All Saints’ Council of the Knights of Columbus is sponsoring a clothing collection to provide winter coats to children in need; the collection begins this weekend and concludes next weekend. There are informational signs, located in the narthex, describing the collection.
When the signs first went up, I glanced briefly at the one in the west end of the narthex. Because I glanced at it only briefly, I misunderstood the text on the sign. The sign says, “Coats for Kids,” but I mistakenly understood it to say, “Goats for Kids.”
My misunderstanding immediately prompted two questions. At first, I wondered why we were providing goats to children, then I wondered if we were providing foster-goat-parents for orphaned kid goats. A second look at the sign cleared up all these misunderstandings: it said, “Coats” rather than “Goats.” A second look is often helpful.
Today’s Gospel reading continues Jesus’ prophetic vision of what human existence can be when his disciples make it their top priority to live according to God’s will. He said things like, “Do to others as you would have them do to you” and “the measure with which you measure will in return be measured out to you.” (Lk 6: 31, 38) Jesus was calling his disciples to on-going conversion and a renewed life. Just like the “Coats for Kids” sign, however, the meaning of Jesus’ preaching can be misunderstood.
It is very popular to talk about responsibility as a virtue lacking in other people. Those who believe truly that they are owed responsibility by others are inclined to rationalize their sense of entitlement by saying that they are completely ready to be held responsible for their own actions. From this point of view, receiving “the measure with which you measure” means that those irresponsible crowds will receive a harsh judgment. It’s worth taking a second look at Jesus’ words because he was not expressing that sentiment.
Jesus’ Sermon on the Plane in Luke’s Gospel was addressed to his followers. He spoke about how his disciples were to live; he was not speaking about how his disciples were to judge others. In fact, he said explicitly, “Stop judging and you will not be judged. Stop condemning and you will not be condemned.” (Lk 6:37)
His words were intended to be more than a little disconcerting. He was asking us to be completely honest about what we truly deserve. How often, for example, have you loved your enemies and done good things for those who hate you? How often do you bless those who curse at you and pray for those who mistreat you? If those actions are not daily occurrences, you can’t claim to be deserving of responsible treatment from others. If we’re honest with ourselves about what we truly deserve, the thought of just desserts should be truly terrifying.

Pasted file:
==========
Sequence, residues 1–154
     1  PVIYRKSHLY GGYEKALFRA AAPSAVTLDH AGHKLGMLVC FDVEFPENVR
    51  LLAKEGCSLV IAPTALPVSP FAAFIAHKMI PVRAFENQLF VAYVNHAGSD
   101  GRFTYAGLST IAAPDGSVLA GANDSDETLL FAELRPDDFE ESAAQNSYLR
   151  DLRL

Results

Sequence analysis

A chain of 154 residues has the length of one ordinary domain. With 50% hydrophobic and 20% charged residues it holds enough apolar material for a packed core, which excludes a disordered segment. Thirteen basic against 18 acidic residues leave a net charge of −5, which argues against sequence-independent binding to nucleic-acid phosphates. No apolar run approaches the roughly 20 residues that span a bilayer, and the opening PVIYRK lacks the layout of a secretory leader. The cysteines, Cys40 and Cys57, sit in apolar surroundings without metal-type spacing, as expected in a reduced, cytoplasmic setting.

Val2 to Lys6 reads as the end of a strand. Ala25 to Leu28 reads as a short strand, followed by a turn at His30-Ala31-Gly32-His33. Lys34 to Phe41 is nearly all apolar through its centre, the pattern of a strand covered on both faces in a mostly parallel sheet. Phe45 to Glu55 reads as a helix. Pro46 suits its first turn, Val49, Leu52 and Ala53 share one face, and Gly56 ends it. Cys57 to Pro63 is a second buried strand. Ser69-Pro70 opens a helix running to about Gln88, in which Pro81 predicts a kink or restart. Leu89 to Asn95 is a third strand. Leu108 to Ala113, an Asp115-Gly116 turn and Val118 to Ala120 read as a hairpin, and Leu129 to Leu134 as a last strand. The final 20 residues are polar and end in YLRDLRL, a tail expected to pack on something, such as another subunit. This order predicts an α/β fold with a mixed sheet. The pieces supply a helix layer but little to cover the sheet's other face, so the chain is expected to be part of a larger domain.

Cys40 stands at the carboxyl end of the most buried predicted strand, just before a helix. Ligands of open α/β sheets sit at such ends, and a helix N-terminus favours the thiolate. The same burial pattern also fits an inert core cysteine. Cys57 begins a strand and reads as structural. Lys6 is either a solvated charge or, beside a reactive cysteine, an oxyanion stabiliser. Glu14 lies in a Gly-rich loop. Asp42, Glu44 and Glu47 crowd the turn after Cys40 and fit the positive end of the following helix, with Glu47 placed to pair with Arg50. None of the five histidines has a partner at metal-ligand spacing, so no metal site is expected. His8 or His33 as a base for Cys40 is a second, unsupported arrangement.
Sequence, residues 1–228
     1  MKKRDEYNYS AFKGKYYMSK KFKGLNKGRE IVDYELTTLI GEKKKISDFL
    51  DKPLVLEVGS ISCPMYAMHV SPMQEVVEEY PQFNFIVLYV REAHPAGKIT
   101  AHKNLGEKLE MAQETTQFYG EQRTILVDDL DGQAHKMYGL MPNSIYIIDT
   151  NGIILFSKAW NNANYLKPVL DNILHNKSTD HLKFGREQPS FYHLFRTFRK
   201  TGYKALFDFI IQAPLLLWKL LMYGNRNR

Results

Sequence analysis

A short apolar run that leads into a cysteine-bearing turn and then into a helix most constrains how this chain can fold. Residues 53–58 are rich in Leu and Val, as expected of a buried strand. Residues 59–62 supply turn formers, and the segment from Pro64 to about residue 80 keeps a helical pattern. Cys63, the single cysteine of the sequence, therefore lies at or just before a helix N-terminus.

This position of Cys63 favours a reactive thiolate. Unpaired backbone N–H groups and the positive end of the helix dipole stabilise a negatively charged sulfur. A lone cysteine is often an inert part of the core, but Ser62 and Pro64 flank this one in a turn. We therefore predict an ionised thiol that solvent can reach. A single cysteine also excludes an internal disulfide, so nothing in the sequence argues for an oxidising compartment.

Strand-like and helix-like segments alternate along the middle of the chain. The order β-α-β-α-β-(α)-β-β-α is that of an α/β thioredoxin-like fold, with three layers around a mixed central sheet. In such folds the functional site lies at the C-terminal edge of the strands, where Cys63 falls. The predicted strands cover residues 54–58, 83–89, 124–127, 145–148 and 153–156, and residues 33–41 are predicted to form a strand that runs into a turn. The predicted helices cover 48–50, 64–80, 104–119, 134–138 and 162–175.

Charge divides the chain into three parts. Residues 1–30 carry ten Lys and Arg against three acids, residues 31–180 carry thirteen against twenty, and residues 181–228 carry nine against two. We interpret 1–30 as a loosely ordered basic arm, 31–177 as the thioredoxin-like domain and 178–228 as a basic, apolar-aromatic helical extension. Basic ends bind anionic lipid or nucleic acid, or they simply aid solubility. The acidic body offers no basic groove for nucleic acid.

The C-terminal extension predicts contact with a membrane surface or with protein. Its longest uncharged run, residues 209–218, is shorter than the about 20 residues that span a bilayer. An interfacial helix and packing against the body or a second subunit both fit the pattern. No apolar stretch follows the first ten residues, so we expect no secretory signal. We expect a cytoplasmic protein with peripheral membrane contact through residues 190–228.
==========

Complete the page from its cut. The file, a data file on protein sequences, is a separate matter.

The majority of the population (believers and non-believers alike), if they got what they deserved, would struggle under a crushing burden of guilt; the remaining minority would have no hope whatsoever. Happily, there is a way out from under the weight of our just desserts; it is to do what Jesus said, “Be merciful, just as God is merciful. . . Forgive and you will be forgiven.” (Lk 6: 36,37) Obviously, these are not easy tasks to set for ourselves; some daily help is necessary if we are to live according to Jesus’ teaching.
There is a very old-fashioned Catholic practice of doing an examination of conscience at the end of each day. The daily examination of conscience is like taking a second look at your day and your life so that there are no misunderstandings about what went on. The purpose of this is to give thanks to God for all the good of the day and to ask forgiveness for our failings during the day. A daily examination of conscience will show you exactly what you deserve; if done habitually, it will also show you how fortunate you are to be able to be forgiven.
One’s life is often worth a second look – just to avoid misunderstandings. Love withheld leads only to animosity; unforgiven slights always escalate into conflict. Retaliation never resolves anything. Forgiving one’s enemies might look like denial of reality or a fantasy-based version of holiness. On second look, however, it makes perfect sense. Only forgiveness brings forgiveness; only kindness brings compassion. Take a second look at your life – just to see what you’re missing.